Georgia has some of the highest HIV rates in the country; but treatment has never been easier

HIV tile / photo courtesy of Getty Images

DeMarcus Beckham performs multiple HIV tests a week.

"I've tested people in Kroger parking lots," Beckham said. "College campuses, church campuses, high schools, in back of cars."

Beckham is executive director for Bibb County-based HIV/AIDS advocacy group Reach to Impact. He's licensed through the Georgia Department of Public Health to test for HIV, or human immunodeficiency virus, the virus connected to AIDS. He uses a rapid blood test that takes about five minutes. If it comes back positive, Beckham reports the result to the state and steers the client to counseling and medication.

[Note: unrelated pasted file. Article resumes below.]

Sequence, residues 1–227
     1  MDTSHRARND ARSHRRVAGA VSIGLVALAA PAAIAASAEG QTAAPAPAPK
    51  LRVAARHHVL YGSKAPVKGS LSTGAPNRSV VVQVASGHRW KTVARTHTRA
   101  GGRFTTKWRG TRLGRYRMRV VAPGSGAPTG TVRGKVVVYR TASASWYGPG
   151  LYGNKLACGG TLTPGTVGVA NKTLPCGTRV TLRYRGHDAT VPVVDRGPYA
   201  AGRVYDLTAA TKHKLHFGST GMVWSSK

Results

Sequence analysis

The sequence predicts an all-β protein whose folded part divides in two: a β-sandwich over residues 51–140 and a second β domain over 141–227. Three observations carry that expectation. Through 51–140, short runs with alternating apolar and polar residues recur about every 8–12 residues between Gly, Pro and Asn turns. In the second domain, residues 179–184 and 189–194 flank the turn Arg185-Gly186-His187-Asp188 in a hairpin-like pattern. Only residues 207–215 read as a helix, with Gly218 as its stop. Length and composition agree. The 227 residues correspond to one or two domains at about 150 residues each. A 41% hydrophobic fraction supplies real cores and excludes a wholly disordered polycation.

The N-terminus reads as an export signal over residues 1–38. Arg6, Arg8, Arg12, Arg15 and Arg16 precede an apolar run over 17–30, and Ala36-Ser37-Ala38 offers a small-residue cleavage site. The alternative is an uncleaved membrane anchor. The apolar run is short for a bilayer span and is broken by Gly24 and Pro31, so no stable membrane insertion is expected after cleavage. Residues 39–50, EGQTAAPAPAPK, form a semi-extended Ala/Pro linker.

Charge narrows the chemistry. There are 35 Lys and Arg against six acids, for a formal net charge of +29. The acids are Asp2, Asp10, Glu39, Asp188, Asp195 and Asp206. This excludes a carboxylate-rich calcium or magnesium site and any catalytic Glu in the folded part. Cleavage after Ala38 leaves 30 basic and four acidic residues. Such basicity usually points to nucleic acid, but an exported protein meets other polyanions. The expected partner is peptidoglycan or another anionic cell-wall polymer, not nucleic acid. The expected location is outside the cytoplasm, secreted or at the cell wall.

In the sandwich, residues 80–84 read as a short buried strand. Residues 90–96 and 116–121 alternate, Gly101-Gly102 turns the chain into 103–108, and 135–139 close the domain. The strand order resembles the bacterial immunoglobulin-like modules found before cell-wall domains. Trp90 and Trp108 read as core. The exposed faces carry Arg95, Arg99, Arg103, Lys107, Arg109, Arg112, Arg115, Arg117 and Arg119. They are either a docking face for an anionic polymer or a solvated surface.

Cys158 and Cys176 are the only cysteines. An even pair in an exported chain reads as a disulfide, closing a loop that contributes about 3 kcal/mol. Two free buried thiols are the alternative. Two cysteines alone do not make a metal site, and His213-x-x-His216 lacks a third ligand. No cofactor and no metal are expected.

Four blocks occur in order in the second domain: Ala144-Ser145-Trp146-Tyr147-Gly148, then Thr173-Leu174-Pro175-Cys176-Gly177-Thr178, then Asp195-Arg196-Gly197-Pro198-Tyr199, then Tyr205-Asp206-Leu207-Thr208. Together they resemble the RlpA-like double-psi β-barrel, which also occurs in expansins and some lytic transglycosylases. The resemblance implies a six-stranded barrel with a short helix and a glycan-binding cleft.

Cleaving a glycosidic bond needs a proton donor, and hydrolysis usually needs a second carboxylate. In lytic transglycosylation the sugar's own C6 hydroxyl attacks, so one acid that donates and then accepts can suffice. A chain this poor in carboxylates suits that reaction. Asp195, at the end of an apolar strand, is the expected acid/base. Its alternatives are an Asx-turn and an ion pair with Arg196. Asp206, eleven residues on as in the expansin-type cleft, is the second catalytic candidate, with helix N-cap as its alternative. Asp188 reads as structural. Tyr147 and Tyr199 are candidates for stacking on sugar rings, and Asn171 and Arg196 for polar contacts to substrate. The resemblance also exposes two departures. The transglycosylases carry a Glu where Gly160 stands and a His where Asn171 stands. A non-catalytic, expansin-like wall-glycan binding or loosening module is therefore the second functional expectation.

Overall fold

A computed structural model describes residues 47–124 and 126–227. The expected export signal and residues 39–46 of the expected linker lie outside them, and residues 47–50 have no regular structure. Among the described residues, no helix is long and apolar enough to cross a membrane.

When Beckham and others make those connections, it can help people not only live with HIV, but also slow the virus' spread.

(READ MORE: Northwest Georgians organize to advocate for new hospital)

"It truly impacts communities that are underserved, who do not have resources," Beckham said.

But